Friday – Three days until we leave.  I booked the last room and we were all set. 

In case you didn’t realize, the original plans were still our actual plans.  This was all for show.
Saturday and Sunday were days we spent creating lists of what to pack and then packing what we could in advance.
Monday we left.

One more post next Friday to finish this off, hope you tune in.

Wednesday, October 5, 2011

What an idiot

So I went for a run yesterday.  I hate running.  There is absolutely nothing about it I enjoy other than it seems to make Julia happy when I do some kind of cardio workout. 

I don't get a runner's high.  On the flip side, I don't really have any muscle aches after doing it - though my knee hurts - so maybe I'm just not trying hard enough.

I do enjoy being outside.  I also enjoy the silence that can only be found at 5 AM on a path winding through the woods.

I'm not really a music buff, so I don't wear, or own, an Ipod.  I suppose I could dig up my old Walkman, but I don't think I have any working tapes left for it to play.  I might as well carry around five pound weights as they would provide the same usefulness.

Yes, this is the one I own (on the left).  I'm so high tech.

You might ask "What on Earth do you do for forty five minutes when you run?"

I pray.

It's difficult to make time to pray when you're constantly pulled in so many different directions, at least that's what I tell myself.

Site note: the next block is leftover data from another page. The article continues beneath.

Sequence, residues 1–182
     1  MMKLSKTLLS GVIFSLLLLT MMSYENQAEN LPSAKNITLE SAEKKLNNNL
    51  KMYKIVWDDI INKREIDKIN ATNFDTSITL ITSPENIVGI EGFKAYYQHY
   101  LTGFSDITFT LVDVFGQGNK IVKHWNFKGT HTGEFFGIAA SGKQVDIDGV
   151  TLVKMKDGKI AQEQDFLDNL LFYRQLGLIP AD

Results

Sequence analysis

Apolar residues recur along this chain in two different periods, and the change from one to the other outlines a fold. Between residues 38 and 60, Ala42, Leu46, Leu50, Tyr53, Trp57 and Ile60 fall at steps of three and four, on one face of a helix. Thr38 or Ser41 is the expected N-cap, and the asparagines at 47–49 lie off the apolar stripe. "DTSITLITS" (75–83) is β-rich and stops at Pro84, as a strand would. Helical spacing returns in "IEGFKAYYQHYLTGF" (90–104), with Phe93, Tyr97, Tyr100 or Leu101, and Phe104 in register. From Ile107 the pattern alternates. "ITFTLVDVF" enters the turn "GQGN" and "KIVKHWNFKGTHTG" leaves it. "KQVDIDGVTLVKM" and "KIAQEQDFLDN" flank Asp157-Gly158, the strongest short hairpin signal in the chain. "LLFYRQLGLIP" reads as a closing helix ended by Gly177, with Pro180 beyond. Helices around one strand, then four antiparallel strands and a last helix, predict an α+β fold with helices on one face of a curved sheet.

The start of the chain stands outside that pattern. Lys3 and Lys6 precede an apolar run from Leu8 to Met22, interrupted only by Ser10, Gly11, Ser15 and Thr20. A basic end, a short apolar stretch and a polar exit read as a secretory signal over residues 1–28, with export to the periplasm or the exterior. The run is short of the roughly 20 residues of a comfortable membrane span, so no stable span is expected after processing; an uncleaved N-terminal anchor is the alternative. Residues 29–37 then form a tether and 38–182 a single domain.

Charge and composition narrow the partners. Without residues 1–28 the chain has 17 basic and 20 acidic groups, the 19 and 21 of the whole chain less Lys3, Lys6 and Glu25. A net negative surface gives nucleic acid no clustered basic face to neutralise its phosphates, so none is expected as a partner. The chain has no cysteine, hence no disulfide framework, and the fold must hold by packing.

I actually do pray quite often in short bursts throughout the day, but there are so many distractions I find my mind wandering.  Running and praying, being out in God's great creation is the one time I can truly focus and just let my thoughts run free.

My prayers typically start with thanking God for everything He has done in my life to bring me to the point I am today.  For those things I know and those I don't.  I confess that I am not worthy of anything, yet He still loves me and pours out His love on me. 

When I'm done acknowledging this, I ask Him to help me with whatever seems to be troubling me at the time, as well as for the areas in my life where I am constantly falling short.  After I'm done with me, I move on to Julia, the girls, my family, her family, friends, neighbors, our church, our old churches, and anything else I've heard of where prayer is needed/wanted.

As I was running and praying yesterday I was hit with a sudden revelation.  I was praying for other people, but the things I was praying for were things that also applied to me.

Nearly every prayer I was making could have my name in it instead of/in addition to the person I was praying for. 

More patience, less stubbornness, more grace, the ability to see someone else's point of view, working to be closer to the Lord, more understanding, more caring, less selfishness - they all applied to me as well.

I kept thinking about all the shortcomings other people had (in my eyes) and those were the areas I was praying for them in.  You see the problem here?  I am so deficient, yet apparently I know what's best for other people.

Additionally, my prayers tended to have the answer in them.  
Dear Lord, please help Johnny realize if he does this he will have this happen.  Help him to do this instead.

How arrogant!  Who am I to know what is going to happen?  Who am I to think I know what God has planned?

I'm nobody.  I don't know anything.

I was/am humbled.  God chose this particular morning to show me the error of my ways.  I'm sure it's neither the first time He's shown me, nor the last, but it's the first time I've truly seen it.